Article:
By Ellen Yoshitsugu
Many beginning noncredit ESL classes at City College’s Mission campus are packed with students, from 40 to 70 students per class, making teaching and learning difficult. City College’s mission to provide ESL instruction to San Franciscans who need it has been undermined by the college’s limited budgets in recent years.
Morning classes in Room 106 at the Mission campus are packed every day. Teachers Patty Gallagher and Lori Admokom single-handedly each lead 50, 60, even 70 students in call and response rote lessons. Students share battered textbooks. It is the same in some, but not all, other Mission ESL classes.
ESL department chair Jessica Buchsbaum said, “There is very strong enrollment and very strong attendance” at Mission campus, adding that at all the ESL program locations that remain open — Chinatown, Downtown and Ocean — attendance is also strong, ranging from 20 to 50 per class. Online classes are also extremely impacted, some with 70 students on Zoom.
“The English language is a lifeline to a new future, to help their families,” said Admokom. The lowest level ESL classes are seeing particularly high numbers of students who have just arrived in the Bay Area.
Not fair to students
Twenty to 25 students would be the optimal class size, said Buchsbaum. Beginning students should have frequent one to one interactions with the teacher but in large classes this is impossible. Admokom estimated that students will take twice as long to advance because they are “just repeating back, parroting, but that’s not real life language use.”
She said that the large classes are only doable because the students are great and want to learn, but that “this should not be the norm for education for anybody.” The students get it but “they don’t like it.”
Student Sandra Lopez said she wants to learn English to get a better job and Ricardo Miranda said that City College’s support for the Latin community is very important.
“As long as there are seats we don’t turn them away,” said Admokom.
But actually the Mission campus has had to close enrollment in some classes when they reached the enrollment cap of 100 students, according to Buchsbaum. The cap is set very high because in non credit classes with open enrollment, not all students attend class every day.
ESL Department funds are limited
Classes are huge because no more sections can be opened. Buchsbaum explained that they are allocated a certain amount of money by the City College Office of Instruction with which to offer classes while balancing the needs of different communities. This is the case for all City College departments.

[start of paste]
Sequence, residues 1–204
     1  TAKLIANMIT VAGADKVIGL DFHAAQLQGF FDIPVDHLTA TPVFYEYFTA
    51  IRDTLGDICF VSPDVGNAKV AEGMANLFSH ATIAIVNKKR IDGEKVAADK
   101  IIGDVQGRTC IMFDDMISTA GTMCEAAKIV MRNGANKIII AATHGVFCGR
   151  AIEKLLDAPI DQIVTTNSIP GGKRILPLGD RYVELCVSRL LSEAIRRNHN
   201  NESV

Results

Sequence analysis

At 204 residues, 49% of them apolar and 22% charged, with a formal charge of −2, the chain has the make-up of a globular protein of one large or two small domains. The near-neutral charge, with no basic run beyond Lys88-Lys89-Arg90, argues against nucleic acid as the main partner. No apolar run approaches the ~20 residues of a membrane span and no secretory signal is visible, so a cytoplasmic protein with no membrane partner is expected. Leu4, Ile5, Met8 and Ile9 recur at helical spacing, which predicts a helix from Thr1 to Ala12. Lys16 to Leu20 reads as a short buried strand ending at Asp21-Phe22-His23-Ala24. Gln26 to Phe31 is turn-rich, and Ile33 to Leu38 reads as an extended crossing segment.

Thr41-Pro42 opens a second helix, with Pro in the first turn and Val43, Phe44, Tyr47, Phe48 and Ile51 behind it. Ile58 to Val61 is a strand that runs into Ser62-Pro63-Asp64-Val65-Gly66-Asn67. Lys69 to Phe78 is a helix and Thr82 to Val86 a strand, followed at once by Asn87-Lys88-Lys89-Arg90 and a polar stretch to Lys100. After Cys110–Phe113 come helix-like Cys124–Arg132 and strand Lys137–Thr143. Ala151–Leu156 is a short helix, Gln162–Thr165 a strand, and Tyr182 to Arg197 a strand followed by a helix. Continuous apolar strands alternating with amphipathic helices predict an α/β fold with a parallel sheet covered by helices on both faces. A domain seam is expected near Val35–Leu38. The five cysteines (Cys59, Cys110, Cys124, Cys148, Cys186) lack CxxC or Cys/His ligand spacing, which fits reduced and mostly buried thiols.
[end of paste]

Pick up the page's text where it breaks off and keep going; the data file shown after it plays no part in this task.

In previous years, when demand for ESL grew, the college opened new sections until they ran out of classrooms, sometimes even holding classes in the cafeteria, said Carolyn Cox, a 42 year veteran ESL teacher. She said currently there are empty classrooms and recently laid off teachers ready to teach.
Buchsbaum said they have added some sections at Mission this semester, but it’s still very full. “When the college was doing better financially they had the flexibility to augment the budget for a particular program.”
“So how are we going to increase our enrollment if we don’t actually increase the number of class sections?” Buchsbaum asked.
California funds City College’s non credit programs based mainly on student attendance.
There is extra funding for some noncredit ESL classes designated Career Development and College Preparation (CDCP).
There is also extra funding through a California Adult Education Project (CAEP) grant. Cox said that the students are tested twice in the semester and the school gets money based on their improved scores.
This year the Comprehensive Adult Student Assessment System (CASAS) test was completely online for the first time. Some students were never tested because with the large classes there were not enough computers at Mission campus to test them all.
Need for local programs
Only about 20 of the 120 regularly attending students from the abruptly closed John Adams ESL program are now attending at Mission, according to Kevin Cross, a teacher newly reassigned to Mission.
Student Thanh Nguyen and her husband used to walk 30 minutes to their ESL classes at John Adams; now they have an hour-long bus ride to reach the Mission campus.
Immigrants usually work two to three jobs and sometimes can’t afford transportation, said Admokom. “So if they’re going to take a class, it really has to be close to them,” she continued.
“Mission demand is Mission demand,” said Buchsbaum.
Cross and colleague Diane Wallis have experienced two ESL program closures, first the Civic Center location in 2015, and then the John Adams program in December. They and some of their students have protested, made public comments, and met with Chancellor David Martin, Trustee Alan Wong, and Supervisor Dean Preston, arguing for the re-opening of the John Adams ESL program.
Trustee Solomon responds
“We need to get the data. We need to present the data to show that it’s in fact true that students who would be taking classes are being turned away. And students who would be going to John Adams are now not showing up,” said Trustee Susan Solomon.
Lost students mean lost revenue for the college, she continued, “which creates the potential for a downward spiral.”
“What happened to those students who were in school? [Did] they find another place to go to school or did they simply stop trying?” said Solomon.